Köhler says the findings don’t mean we can stop worrying about bitcoin – especially given electricity use per new bitcoin is growing – but we should put it in perspective. “On the one hand we have these alarmist voices saying we won’t hit the Paris agreement because of bitcoin only. But on the other hand there are a lot of voices from the bitcoin community saying that most of the mining is done with green energy and that it’s not high impact,” she says.
China has a plan to become a global cryptocurrency leader, and it starts with retail payments over cross-border payments. The former head of the People’s Bank of China, Xiaochuan Zhou, told the Caixin Hengqin Forum that China would emphasize retail use of digital yuan payments. While Zhou is no longer leading the central bank, his speech is considered to be a soft signal for how China intends to proceed.
“There are two goals for international digital currencies,” Zhou said. “The first one, which is also what China envisions is to develop digital payment and its use for retail system in the country, while the other goal is to cross-border payment for international financial institutions.”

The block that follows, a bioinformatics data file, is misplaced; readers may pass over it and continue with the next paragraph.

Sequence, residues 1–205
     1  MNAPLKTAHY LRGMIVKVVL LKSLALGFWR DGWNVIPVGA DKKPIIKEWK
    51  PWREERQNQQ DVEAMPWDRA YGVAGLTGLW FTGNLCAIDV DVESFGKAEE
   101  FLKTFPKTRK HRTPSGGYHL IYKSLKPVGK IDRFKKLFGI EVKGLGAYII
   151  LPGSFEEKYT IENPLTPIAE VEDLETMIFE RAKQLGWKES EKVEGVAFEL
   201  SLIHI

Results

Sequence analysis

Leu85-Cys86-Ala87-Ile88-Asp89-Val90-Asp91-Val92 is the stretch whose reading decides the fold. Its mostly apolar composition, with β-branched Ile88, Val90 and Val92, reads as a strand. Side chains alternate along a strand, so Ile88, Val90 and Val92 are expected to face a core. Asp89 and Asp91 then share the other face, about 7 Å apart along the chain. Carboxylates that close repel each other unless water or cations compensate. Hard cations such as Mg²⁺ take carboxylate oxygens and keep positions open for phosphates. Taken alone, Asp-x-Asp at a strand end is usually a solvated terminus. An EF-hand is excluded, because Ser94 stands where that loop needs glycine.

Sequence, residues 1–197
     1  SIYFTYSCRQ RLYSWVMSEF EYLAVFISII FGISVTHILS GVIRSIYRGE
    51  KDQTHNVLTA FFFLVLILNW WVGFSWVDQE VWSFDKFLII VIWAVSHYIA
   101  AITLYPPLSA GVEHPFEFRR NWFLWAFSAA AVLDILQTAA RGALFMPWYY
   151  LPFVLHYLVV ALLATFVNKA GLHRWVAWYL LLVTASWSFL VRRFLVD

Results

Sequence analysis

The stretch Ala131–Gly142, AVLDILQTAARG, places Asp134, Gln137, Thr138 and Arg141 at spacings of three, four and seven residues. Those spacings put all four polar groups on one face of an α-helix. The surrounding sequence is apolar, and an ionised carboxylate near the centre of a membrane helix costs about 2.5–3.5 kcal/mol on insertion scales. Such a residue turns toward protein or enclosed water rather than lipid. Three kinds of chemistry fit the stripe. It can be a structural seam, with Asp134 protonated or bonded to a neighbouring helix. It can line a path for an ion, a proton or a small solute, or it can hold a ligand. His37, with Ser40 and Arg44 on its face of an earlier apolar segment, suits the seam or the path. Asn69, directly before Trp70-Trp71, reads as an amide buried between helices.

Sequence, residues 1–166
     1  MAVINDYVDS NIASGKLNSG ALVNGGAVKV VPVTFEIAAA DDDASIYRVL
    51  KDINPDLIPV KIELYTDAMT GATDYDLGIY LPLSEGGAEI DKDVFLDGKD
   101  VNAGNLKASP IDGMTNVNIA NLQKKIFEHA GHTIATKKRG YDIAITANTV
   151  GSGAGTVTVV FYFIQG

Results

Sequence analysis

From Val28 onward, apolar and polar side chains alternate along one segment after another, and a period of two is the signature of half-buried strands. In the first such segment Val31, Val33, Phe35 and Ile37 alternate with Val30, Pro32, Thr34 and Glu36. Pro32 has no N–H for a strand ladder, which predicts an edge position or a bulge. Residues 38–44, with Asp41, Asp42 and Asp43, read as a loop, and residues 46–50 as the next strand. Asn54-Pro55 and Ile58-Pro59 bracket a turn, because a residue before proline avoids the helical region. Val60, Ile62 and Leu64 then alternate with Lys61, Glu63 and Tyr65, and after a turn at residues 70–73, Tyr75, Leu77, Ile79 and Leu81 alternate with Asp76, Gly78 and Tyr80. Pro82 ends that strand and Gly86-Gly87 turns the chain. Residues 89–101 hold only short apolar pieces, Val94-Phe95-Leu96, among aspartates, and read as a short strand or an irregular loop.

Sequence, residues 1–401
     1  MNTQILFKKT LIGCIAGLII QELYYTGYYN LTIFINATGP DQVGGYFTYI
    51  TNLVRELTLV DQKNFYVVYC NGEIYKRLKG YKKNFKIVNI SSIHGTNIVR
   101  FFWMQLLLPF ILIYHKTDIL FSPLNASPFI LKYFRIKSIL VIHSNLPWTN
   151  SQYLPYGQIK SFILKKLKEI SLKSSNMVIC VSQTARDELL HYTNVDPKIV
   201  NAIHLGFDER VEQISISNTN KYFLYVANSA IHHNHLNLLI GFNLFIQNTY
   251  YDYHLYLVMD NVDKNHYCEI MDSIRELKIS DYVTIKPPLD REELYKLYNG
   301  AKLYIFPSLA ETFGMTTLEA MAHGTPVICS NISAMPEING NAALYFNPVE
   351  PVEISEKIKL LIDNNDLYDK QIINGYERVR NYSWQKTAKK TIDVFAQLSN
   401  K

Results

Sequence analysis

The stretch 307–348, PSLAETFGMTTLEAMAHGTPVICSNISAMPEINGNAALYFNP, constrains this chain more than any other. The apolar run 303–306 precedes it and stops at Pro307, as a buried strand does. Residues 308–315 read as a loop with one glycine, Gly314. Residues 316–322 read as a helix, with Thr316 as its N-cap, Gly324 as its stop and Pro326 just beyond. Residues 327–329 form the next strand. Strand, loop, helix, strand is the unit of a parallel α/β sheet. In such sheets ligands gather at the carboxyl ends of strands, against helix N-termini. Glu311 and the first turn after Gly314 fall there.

According to Zhou, these two goals will require different technical designs for the digital yuan, and China might expand its capabilities once it implements the digital payment function in retail.
Zhou said China is a difficult environment to test out the new digital currency, and a country with a smaller population could be better since the cycle for currency circulation is shorter.
Are you looking for a job in crypto? Now is the time to start applying. According to a recent Indeed.com study, the number of cryptocurrency jobs per million increased by 1,457% since 2015. This increase was sustained throughout an initial surge and decline in blockchain-related job interest. While job searches have seemingly declined due to recent market volatility, blockchain companies still have an overwhelming demand for engineers, developers, and software architects.
From programming smart contracts to designing UIs for cryptocurrency apps to building decentralized apps (dApps), there are several jobs in the cryptocurrency field right now.
To further increase your chances of getting selected in blockchain development profiles, one should have knowledge of Bitcoin Script, Hyperledger, Ethereum’s Solidity, the Ripple protocol, or other languages that are currently used in development such as Rholang.
And that’s the November monthly round-up! Check in every week for the latest news of cryptocurrency innovation and regulation around the world!
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Disclaimer: The material and information contained in this article is for general information purposes only, and no part of this article should be construed as professional financial or investment advice. Whilst we endeavor to keep the information up to date and correct, OKCoin makes no representations or warranties, express or implied, as to the completeness and accuracy of the information presented in this article. You should not rely upon the material or information in the article as a basis for making any business, legal or any other decisions.